- Individual allergen sensitivity
- Personal or family history of allergies
- Personal or family history of asthma
Reducing your risk of eczema outbreaks
It may be possible to prevent eczema outbreaks. You can lower your risk of outbreaks by:
- Avoiding exposure to any known allergen or irritant that triggers a skin reaction
- Avoiding situations in which your skin will be exposed to wet or hot conditions for long periods of time
- Seeking regular medical care and following your treatment plan for allergies and other skin conditions
What are some conditions related to eczema?
People who have atopic dermatitis usually have a personal or family history of conditions on the “atopic march.” This includes eczema, food allergies, hay fever, and asthma. Doctors call it a march because the conditions often, but not always, progress from one to another.
Due to a weakened skin barrier, people with eczema are also more prone than other people to skin infections, including staph bacterial and herpes viral infections.
How is eczema treated?
Eczema is a chronic condition with no known cure. However, it is possible to control eczema symptoms and lead an active, comfortable life. Your doctor will individualize a treatment plan specifically for you. It will take into account your medical history, the type and severity of your eczema, your specific triggers, and other factors.
A combination approach including lifestyle changes, medications, UV phototherapy, and other treatments as appropriate is the most effective way to control eczema and prevent flare-ups.
Medications used to treat eczema
In moderate to severe cases of eczema, doctors may prescribe medications including:
- Antibiotics or antifungal drugs, which treat secondary bacterial or fungal infections
- Antihistamines, which reduce itching
- Corticosteroid cream, which reduces inflammation
- Injectable biologic therapy, dupilumab (Dupixent) that inhibits inflammation
What lifestyle changes and eczema coping tips are effective?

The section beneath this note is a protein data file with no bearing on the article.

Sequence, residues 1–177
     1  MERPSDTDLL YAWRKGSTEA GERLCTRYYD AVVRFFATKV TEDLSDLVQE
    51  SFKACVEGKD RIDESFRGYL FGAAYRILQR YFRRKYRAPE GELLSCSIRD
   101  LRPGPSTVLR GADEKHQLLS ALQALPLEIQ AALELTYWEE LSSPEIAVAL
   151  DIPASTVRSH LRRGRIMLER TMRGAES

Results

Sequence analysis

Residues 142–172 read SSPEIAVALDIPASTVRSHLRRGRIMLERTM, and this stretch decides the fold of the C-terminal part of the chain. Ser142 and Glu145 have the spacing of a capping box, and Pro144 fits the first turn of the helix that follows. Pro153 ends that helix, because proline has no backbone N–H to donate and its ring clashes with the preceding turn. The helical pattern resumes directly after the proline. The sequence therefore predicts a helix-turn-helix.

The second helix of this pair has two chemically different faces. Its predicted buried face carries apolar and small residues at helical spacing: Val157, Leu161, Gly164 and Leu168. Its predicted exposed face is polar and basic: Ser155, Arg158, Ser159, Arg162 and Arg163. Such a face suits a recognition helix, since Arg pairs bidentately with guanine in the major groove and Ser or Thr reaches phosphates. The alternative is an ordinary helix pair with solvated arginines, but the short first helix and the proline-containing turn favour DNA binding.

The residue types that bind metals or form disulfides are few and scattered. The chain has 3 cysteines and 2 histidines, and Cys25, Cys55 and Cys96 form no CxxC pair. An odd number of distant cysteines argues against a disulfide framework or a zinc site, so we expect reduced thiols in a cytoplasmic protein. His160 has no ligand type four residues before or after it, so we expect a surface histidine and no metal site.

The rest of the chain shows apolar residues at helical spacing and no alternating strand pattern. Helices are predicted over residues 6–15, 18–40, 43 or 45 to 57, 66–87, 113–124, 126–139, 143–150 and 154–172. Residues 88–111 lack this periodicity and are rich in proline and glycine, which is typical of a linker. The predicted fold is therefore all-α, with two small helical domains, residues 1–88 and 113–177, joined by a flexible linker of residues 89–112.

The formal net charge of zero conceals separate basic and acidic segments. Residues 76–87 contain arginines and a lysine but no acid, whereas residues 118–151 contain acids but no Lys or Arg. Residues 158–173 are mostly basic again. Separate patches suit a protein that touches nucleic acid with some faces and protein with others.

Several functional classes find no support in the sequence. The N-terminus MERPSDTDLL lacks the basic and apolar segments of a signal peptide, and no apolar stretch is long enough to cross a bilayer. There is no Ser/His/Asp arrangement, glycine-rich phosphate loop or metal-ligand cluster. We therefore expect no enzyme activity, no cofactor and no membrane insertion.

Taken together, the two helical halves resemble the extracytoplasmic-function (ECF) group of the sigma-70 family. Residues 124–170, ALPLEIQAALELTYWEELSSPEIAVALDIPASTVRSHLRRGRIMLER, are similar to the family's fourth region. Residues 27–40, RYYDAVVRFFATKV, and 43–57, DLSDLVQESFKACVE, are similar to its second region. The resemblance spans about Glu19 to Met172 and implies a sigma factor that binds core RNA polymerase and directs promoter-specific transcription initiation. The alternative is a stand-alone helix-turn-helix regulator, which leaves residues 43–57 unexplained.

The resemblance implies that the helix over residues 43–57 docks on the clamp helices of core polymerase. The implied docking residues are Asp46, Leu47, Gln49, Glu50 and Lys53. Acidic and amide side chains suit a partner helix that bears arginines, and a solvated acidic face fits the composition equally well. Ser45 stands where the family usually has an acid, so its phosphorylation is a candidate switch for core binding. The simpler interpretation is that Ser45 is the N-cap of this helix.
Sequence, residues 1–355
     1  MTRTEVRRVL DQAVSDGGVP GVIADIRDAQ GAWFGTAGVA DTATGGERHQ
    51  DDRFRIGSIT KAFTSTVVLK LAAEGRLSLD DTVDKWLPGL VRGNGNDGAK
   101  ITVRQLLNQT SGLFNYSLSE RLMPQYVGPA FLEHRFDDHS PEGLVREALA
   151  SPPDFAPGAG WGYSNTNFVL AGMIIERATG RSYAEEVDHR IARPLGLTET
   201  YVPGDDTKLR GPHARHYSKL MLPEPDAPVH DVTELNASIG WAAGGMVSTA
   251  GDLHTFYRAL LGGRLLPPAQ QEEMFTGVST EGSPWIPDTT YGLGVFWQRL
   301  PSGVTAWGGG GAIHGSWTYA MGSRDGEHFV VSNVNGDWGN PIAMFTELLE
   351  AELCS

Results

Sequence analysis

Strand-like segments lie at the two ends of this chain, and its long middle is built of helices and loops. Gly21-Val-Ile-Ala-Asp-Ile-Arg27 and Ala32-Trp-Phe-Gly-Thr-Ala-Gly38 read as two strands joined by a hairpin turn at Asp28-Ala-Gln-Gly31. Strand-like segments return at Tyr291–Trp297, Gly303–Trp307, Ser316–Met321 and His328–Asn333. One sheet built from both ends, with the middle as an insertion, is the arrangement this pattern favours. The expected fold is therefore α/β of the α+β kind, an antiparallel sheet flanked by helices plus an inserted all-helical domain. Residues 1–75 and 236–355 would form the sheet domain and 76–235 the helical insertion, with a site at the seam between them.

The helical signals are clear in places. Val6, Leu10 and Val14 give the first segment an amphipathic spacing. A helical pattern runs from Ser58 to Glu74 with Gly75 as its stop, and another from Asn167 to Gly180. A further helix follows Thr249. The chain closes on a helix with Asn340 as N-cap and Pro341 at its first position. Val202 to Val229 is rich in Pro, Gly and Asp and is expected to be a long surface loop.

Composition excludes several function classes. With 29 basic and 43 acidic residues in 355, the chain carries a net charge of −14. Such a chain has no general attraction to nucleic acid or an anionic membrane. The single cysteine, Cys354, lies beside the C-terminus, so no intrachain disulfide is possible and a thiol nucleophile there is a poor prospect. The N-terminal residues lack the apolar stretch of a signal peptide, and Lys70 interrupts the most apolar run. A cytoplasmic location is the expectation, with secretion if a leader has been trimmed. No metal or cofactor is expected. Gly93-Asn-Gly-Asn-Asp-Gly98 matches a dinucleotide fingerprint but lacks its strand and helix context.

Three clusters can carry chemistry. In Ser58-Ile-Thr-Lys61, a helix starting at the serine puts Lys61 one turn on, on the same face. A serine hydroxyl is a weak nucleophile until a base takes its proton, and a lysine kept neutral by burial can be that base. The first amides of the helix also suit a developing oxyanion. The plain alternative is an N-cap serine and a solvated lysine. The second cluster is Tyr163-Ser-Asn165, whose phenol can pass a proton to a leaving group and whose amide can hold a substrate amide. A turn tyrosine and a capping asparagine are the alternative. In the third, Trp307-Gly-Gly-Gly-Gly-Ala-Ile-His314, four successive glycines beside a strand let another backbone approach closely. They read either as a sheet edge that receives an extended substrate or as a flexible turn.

Lifestyle changes and coping tips for treating eczema include:
- Avoiding alcohol and caffeine
- Avoiding hot tubs, steam baths, saunas, and chlorinated swimming pools
- Avoiding scratchy clothes
- Drinking plenty of fluids
- Getting skin patch testing, in which small amounts of common allergens are applied methodically to the skin to determine what substances are triggering the allergic response that leads to the eczema
- Minimizing skin dryness by using lotion specifically designed for sensitive skin
- Preventing flare-ups by avoiding exposure to the specific allergen or allergens that induce the condition
- Using a cool mist vaporizer or home humidifier
- Using a perfume-free moisturizer
- Using an oatmeal-based soap, such as Aveeno, to help relieve itching and inflammation
- Using ice bags or cool wet compresses to help relieve itching and inflammation
- Using mild soaps and not over-washing or harshly scrubbing skin
What are the potential complications of eczema?
When left untreated, eczema can develop into an escalating cycle of itching, scratching and inflammation. In some cases, the excessive scratching can introduce bacteria or fungus into the layers of the skin, resulting in infections that can be serious in some people. Complications include:
- Bacterial or fungal infection of the skin
- Cellulitis (an infection of the skin and surrounding tissues caused by a growing bacterial or fungal infection)
- Open sores and lesions
- Permanent change in skin texture or scarring
- Permanent skin discoloration